Today, the model has one million active participants and operates in 16 African countries, and a couple of countries in Asia and Latin America. It has been adopted with some variation by a range of other organisations, including Catholic Relief Services (CRS), Oxfam, Plan International, the Peace Corps and World Vision.

Currently, the highest number of participants in Care’s programmes are found in Niger (196 000 members). According to Allen, Zimbabwe has increased its VSL membership by 20 000 in the past 12 months and now sits at 91 000. The model has helped people deal with hyperinflation and economic collapse in that country.

South Africa has lagged behind the rest of the world in the introduction of the VSLA model. “The concept was perceived as paternalistic and unsuitable for so upwardly mobile a population,” says Allen. “Now we are past that, but as a result we are running a bit behind.”

Allen says the model has enormous potential for South Africa and has been well received in Lesotho and the Northern Province. “With some modifications, it bolts well on to the existing stokvel system,” he said.

Krone, who founded SaveAct in Pietermaritzburg in 2005 to facilitate the setting up of savings and lendings groups using the VSLA model, says demand for the organisation’s services is picking up. SaveAct currently has 560 members in 45 savings groups, including the three visited during the course in Nhlazuka.

Given the organisation’s expansion into the Eastern Cape, Krone expects membership to reach 2 000 by the end of next year.

Ninety-three percent of SaveAct participants are women, although Krone says the NGO is about to train an all-male farmers’ association based in the Okhahlamba/Drakensberg area. The group has been unable to secure credit for their farming activities from mainstream banks and lending institutions.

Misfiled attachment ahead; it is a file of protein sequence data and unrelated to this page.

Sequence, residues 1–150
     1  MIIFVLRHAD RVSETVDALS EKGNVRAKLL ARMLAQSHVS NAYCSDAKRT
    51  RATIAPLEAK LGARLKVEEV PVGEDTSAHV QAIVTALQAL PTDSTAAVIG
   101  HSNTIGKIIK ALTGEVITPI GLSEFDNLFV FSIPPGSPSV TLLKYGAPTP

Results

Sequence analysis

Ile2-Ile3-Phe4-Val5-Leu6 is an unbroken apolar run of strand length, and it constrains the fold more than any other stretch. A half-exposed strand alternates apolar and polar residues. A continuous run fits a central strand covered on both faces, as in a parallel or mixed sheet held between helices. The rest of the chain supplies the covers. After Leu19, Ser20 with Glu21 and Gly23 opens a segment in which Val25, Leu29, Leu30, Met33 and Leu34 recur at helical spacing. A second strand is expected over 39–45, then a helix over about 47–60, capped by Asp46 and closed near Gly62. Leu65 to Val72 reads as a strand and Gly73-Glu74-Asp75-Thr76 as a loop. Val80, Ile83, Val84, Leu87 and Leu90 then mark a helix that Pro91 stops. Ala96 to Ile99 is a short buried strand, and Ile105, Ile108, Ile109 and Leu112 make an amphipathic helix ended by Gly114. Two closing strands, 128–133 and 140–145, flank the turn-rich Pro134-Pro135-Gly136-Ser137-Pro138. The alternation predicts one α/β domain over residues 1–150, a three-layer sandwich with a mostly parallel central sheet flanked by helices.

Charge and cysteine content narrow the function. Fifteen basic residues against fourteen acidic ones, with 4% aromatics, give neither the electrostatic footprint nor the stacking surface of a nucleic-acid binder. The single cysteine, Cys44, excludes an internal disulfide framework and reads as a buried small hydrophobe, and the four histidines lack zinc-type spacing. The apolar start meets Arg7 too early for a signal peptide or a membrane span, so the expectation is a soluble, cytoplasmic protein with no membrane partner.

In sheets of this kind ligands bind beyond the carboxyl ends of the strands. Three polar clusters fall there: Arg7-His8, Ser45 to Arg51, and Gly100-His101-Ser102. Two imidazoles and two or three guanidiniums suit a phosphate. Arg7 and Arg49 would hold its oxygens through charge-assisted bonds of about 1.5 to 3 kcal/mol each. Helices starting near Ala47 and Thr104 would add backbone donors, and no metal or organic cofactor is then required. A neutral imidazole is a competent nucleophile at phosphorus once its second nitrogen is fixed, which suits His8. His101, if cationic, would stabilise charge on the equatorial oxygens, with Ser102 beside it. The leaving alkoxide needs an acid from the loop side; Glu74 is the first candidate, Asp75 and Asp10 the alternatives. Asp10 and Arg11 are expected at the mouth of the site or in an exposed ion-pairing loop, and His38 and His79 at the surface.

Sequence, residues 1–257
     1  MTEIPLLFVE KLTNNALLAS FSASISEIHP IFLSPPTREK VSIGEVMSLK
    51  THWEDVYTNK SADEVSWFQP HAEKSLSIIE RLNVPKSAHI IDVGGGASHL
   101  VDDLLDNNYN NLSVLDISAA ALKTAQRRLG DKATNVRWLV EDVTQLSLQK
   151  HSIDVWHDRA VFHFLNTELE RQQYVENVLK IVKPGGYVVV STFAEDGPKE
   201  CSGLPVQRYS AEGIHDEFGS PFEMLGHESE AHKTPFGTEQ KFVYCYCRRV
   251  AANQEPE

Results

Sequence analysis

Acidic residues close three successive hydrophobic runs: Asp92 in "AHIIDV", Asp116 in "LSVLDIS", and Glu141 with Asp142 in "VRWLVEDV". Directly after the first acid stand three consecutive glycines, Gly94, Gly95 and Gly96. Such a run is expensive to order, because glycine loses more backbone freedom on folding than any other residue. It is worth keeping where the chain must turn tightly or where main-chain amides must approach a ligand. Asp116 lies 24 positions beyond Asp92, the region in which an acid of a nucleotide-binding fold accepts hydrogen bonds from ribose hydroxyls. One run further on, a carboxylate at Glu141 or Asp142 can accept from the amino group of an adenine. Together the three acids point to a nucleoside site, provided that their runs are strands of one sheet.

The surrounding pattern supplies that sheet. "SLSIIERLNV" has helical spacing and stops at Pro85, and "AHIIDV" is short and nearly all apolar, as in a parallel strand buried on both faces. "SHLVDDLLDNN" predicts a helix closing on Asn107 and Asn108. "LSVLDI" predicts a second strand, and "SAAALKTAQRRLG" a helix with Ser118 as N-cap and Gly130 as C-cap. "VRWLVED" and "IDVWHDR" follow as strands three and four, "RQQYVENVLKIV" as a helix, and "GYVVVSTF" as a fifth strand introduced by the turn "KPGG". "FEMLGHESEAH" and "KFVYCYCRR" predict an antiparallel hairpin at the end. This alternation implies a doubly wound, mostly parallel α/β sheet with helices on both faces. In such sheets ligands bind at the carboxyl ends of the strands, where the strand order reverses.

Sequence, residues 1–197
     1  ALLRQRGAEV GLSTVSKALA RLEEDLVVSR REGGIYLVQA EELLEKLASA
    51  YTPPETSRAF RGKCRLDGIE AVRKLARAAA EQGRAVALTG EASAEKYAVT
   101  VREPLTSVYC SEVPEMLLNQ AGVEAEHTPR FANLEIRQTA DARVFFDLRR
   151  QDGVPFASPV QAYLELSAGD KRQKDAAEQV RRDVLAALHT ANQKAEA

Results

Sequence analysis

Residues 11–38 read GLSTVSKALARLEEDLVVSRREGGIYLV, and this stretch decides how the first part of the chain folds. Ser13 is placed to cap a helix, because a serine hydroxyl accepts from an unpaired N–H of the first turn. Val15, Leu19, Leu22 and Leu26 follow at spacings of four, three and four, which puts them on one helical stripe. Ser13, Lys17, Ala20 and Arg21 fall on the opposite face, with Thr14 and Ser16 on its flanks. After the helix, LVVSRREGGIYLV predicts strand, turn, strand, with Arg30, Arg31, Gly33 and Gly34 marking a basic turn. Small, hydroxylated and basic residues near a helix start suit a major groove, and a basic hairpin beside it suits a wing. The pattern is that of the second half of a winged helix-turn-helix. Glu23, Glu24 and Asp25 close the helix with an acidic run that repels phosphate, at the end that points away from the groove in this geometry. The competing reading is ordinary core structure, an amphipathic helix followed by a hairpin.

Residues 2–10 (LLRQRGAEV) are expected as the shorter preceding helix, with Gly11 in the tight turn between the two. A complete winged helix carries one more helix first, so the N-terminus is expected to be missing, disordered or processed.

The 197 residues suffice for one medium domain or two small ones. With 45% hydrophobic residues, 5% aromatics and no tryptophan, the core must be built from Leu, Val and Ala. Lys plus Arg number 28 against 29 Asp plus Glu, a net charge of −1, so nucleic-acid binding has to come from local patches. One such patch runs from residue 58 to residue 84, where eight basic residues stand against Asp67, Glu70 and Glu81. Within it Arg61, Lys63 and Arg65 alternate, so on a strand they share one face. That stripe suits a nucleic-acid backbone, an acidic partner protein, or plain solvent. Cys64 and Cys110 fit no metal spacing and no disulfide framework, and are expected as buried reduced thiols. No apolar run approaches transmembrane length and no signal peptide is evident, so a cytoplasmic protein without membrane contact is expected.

Krone believes in the model’s power to challenge the legacy of apartheid and the pervasive emphasis on state service delivery which works to entrench dependency rather than encourage empowerment.

“SaveAct believes that this [VSL] model gives people a way of ... creating their own livelihood options, using social grants and investing in a way that builds self-reliance. That’s the key difference this work can make in South Africa.”

How do the VSLA groups work?

• According to the Microfinance Gateway, the VSLA is a self-selected group of 10 to 25 people who invest money in a loan fund from which members can take interest-bearing loans. The interest rate is determined by the members.

• Members can save any amount depending on their disposable cash and withdraw their savings at any time.

• VSLAs are independent and self-managed and all the original capital and earnings from interest stay in the community. Annual returns of savings average 40%.

• All transactions are conducted at meetings in full view of all members. Members are given passbooks in which their financial transactions are recorded.